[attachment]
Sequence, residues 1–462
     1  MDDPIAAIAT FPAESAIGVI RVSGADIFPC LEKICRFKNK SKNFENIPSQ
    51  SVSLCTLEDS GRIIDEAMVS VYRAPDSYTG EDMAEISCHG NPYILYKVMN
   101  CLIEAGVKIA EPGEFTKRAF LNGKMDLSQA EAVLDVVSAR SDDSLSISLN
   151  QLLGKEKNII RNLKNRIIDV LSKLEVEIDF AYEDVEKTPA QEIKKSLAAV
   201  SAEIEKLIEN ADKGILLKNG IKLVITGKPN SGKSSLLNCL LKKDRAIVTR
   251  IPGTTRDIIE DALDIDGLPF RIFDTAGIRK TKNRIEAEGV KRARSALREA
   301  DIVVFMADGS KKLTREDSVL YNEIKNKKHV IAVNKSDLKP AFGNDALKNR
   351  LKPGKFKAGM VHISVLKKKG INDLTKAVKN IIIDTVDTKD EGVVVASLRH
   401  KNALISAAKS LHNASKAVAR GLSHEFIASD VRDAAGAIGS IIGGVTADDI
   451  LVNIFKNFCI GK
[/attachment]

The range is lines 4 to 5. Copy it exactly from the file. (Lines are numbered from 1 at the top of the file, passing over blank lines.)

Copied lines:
   101  CLIEAGVKIA EPGEFTKRAF LNGKMDLSQA EAVLDVVSAR SDDSLSISLN
   151  QLLGKEKNII RNLKNRIIDV LSKLEVEIDF AYEDVEKTPA QEIKKSLAAV